People who regularly use cannabis may be more prone to sleep problems, new research suggests. The observational study found that self-described cannabis users were more likely to report trouble getting the optimal amount of sleep, both in not getting enough rest or too much. This link was more pronounced for heavy cannabis users, though the findings can’t prove a true cause-and-effect relationship.
Among the many purported benefits of cannabis is as a sleep aid. But the actual evidence on how cannabis can affect sleep is mixed. So researchers at the University of Toronto and elsewhere decided to dig into data from the U.S. National Health and Nutrition Examination Survey (NHANES), a nationally representative questionnaire of Americans’ life and dieting habits routinely conducted by the Centers for Disease Control and Prevention. NHANES participants are asked about their sleeping patterns as well as their use of drugs like cannabis (though some participants might be reluctant to admit using drugs, the results are legally required to be confidential and not linked to a person’s name)
Their research, published Monday in the journal Regional Anesthesia & Pain Medicine, looked at NHANES data from 2005 to 2018. Overall, about 14 percent of people reported recent cannabis use. Compared to non-users, and after adjusting for factors like age, the team found that they were 34% more likely to report sleeping less than six hours and 56% more likely to report sleeping more than nine hours a night (optimal sleep was defined as six to nine hours). Heavy cannabis users, defined as having used it 20 out of the last 30 days, were even more likely to be on either end of the spectrum.
These sorts of studies can only show a correlation between two factors, like cannabis use and poor sleep, not a cause-and-effect link. It’s possible, for instance, that people who regularly take cannabis are poor sleepers for many other reasons, or that their poor sleep is one reason why they decided to use cannabis in the first place, having heard about its claimed benefits for insomnia. But the authors point to the increased associated risk among heavy users as one reason to suspect a real effect from cannabis. Biologically, if cannabis had the potential to muck with our sleep, you’d expect the intensity or likelihood of that harm to be amplified the more you take it.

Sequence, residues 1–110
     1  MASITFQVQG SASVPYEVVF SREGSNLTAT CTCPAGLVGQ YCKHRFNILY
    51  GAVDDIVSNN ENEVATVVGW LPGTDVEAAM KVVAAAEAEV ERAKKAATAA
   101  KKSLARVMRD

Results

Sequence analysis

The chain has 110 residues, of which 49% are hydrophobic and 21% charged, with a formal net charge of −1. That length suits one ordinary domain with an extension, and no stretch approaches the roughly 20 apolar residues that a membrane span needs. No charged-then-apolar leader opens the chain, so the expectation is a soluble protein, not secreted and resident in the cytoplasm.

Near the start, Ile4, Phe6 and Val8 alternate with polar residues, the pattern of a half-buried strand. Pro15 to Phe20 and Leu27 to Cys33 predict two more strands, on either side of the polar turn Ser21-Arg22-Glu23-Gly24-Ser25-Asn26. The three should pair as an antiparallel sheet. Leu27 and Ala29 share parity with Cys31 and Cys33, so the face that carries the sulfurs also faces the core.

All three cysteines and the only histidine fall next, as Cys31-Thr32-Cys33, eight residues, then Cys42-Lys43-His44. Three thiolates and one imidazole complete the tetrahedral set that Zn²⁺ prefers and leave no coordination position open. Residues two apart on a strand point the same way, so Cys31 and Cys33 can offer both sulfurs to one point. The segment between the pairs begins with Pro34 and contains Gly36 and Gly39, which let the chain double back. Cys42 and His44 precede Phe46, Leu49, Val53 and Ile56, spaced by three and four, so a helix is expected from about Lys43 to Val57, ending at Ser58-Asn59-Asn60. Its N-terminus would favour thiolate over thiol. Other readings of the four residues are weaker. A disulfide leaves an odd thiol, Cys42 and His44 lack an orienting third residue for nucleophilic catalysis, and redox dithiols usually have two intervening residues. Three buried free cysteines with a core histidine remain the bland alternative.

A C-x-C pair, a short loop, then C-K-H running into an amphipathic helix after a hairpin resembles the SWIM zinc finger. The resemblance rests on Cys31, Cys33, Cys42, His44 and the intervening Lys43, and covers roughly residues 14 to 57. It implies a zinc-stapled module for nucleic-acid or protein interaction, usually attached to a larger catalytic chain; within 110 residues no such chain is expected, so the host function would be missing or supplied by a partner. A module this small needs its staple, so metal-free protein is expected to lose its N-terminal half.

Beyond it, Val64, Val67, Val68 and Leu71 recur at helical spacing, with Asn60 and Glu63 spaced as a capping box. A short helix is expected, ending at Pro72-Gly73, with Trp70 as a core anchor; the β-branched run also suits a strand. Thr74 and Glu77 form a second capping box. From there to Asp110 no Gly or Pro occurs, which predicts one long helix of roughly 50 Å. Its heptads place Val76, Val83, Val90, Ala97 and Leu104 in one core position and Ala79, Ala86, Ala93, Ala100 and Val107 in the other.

“We determined there to be a possible exposure-response relationship between frequency of use and sleep duration; heavy users were at the greatest risk of both extremes of nightly sleep duration compared with non-users,” the authors wrote.
Our bodies naturally produce chemicals similar to those found in cannabis, which are known as endocannabinoids. These chemicals are thought to have an important function in helping regulate everything in our body from hunger to pain perception, and there is some evidence that they’re involved in sleep as well. But for now, the authors say there’s still a lot more research that has to be done on how cannabinoids in general can interact with the body’s sleep cycle before we can be sure about anything, including whether there are any other factors that might influence that interaction. It’s a question that’s all the more important given that cannabis is increasingly becoming legalized throughout the U.S., not to mention the long-running problems with sleep that many Americans already experience regularly.
“With our cross-sectional analyses, we can only speculate that these findings may be related to an unknown consequence of repeated cannabis exposure alone or may be a reflection of other underlying sociodemographic or health factors,” they concluded.